Discussions that mention remeron

Pain Management board


Hey Kissa, Although Morphine and Hydrocodone are in different classes, Hydro, oxycodone and Hydromorphone, the synthetics are considered pro drugs and have more of an uplifting effect, this is caused by the histamine response opiates cause. Hyistamine release is also what causes itching.

Although Morphine generaly does cause more drowsiness, that side effect does go away after a few days or weeks. Morphine also causes a histamine release that can prevent sleep and morphine breaks down into two metabolites, the M3g and the M6g, The M6g is responsable for most of the anelgesic effect but can also cause restless leg or jerking and twitching as you try to fall asleep.

There is an answer for the morphine twitch, The anti-parkinsons meds can be used, , I believe it was Niacin that I tried when on morphine and eventually after trying Miripex and Requip "parkinsons meds" we settleed on Klonopin which works well for restless leg and the twitching some opiates can cause.

Some meds are better for headaches too, and some not so good. Morphine increases inner cranial pressure and can cause headaches as a side effect which is not a good thing if your problem is headaches.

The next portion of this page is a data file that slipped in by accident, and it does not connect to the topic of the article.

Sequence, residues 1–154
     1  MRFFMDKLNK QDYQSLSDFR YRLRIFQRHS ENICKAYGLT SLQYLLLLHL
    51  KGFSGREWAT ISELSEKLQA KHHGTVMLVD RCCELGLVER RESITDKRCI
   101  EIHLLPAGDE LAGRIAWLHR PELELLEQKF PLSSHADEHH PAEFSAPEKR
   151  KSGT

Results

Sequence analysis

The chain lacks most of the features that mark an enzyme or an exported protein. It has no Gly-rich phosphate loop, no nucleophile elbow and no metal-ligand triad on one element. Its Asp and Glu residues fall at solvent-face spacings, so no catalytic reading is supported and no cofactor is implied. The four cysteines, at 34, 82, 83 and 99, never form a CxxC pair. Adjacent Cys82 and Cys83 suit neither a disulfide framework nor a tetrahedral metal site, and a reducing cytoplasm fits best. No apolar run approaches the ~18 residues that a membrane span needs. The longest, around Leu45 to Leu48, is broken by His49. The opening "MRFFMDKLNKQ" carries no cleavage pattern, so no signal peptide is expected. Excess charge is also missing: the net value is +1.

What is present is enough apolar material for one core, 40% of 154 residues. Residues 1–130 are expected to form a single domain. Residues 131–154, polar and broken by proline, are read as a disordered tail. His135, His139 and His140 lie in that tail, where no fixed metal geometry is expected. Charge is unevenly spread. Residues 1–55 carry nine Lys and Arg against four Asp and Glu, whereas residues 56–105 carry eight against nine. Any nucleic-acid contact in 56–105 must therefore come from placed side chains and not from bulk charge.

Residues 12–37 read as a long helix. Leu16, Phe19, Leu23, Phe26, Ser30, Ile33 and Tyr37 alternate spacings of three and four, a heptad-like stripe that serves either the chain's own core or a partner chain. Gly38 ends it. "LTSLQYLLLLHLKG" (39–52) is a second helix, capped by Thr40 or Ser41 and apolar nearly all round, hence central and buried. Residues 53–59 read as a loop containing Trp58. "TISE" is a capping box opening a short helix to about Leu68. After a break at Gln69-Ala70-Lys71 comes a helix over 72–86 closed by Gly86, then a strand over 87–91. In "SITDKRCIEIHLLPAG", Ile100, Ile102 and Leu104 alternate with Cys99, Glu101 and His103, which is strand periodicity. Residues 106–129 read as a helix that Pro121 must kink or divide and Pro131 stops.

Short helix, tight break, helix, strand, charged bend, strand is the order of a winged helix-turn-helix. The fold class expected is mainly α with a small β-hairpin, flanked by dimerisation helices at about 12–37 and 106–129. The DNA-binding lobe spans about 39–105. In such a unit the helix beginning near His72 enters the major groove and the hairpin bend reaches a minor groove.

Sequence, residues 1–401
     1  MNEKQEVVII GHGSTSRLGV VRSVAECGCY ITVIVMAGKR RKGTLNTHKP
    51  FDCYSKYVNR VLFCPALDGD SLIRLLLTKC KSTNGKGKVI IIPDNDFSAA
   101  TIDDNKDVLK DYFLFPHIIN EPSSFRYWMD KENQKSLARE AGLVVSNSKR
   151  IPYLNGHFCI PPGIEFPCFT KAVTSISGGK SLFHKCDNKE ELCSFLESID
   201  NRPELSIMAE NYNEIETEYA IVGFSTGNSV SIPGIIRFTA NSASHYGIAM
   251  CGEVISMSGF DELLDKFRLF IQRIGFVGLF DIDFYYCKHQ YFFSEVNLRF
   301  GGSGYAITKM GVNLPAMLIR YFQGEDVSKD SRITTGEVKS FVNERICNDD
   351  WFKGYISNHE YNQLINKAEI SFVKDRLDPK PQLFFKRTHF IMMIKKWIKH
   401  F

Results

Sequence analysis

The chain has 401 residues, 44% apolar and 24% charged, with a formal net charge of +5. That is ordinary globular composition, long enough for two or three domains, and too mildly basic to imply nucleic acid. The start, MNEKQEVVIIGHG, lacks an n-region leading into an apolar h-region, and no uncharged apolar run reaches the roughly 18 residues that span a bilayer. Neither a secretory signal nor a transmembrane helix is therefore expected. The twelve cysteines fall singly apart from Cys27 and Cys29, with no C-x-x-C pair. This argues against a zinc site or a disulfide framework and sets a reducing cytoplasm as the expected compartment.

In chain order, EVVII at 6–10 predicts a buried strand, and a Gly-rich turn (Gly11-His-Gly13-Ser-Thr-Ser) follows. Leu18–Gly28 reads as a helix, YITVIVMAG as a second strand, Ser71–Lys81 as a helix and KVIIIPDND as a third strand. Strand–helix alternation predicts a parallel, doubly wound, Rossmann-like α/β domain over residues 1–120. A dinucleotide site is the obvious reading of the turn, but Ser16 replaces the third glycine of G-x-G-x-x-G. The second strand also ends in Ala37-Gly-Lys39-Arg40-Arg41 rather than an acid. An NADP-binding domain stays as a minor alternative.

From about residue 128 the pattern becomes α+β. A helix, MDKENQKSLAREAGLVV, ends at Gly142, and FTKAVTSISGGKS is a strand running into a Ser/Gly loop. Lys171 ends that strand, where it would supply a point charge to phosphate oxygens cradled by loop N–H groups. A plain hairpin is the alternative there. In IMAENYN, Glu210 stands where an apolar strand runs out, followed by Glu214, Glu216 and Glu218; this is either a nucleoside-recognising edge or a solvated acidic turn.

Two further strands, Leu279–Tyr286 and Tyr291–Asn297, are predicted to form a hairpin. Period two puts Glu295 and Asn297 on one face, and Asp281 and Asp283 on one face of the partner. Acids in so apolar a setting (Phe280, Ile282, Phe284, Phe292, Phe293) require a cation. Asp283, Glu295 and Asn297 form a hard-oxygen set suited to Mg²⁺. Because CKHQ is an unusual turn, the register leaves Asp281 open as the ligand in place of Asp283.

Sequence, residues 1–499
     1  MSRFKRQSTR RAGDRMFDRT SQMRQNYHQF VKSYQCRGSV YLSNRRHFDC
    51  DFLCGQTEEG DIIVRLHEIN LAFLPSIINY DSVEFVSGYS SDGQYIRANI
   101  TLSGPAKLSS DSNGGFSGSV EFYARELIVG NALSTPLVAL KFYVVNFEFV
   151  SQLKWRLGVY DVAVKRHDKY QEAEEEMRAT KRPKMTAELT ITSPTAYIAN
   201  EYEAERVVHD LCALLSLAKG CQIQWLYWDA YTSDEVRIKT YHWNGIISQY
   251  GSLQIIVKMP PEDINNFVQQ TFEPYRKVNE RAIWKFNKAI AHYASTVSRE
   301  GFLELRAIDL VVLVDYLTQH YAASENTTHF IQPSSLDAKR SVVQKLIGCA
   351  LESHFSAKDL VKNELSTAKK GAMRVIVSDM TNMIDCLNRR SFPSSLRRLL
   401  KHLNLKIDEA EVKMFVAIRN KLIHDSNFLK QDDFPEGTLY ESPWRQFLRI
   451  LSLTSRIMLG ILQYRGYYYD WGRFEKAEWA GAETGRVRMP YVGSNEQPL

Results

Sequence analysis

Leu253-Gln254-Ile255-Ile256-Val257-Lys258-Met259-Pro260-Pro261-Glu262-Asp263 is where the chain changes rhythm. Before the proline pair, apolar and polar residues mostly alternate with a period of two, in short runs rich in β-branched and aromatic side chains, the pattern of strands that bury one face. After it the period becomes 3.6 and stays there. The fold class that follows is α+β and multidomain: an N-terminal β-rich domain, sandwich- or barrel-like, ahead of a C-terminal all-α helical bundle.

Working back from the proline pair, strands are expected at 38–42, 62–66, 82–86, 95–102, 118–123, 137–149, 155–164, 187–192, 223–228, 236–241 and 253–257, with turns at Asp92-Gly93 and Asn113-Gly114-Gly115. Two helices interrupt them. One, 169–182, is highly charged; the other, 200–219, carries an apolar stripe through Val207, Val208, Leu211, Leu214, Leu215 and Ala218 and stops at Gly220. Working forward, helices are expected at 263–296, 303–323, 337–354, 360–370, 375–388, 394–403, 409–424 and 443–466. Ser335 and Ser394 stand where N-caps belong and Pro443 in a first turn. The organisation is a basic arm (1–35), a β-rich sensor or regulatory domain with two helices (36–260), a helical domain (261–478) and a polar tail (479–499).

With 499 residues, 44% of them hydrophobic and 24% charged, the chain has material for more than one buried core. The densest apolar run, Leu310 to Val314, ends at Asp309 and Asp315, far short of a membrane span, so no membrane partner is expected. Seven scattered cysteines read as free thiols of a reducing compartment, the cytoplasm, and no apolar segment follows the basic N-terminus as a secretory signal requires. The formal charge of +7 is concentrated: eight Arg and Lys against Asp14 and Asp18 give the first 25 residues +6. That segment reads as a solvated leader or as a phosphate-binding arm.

The Darvecet, that worked well is in the same class as meth only 100 times weaker than meth mg to mg. But it has some NMDA blocking ability which could explain why it worked better.

There are several drugs in clinical trials where they have added a drug like dextromathorphan which is a strong NMDA blocker and they have mixed it with morphine , called Morphidex to add the NMDA blocking ability to Morphine that it doesn't have on it's own.

Often patients are instructed to take dextromathorphan, yup the cough medicine, to increase the effectiveness of opiates and give them NMDA blocking ability.

But I have no doubt specifc classes of drugs do work better on specific types of pain. You also have the human factor where everyone responds differently, But with the morphine your testing, every bit of literature I have read about morphine speaks of the initial drowsiness and suggest the patient tries to ride it out untill it passes. It's a shame when a drug isn't given a fair chance through proper titration or waiting for side effects to pass.

Some folks overcome adverse side effects more quickly than others so 2 weeks is a fair amount of time to see if you tolerate it, It doesn't mean this present dose is going to be your final dose. It may need adjusting to really ease your pain.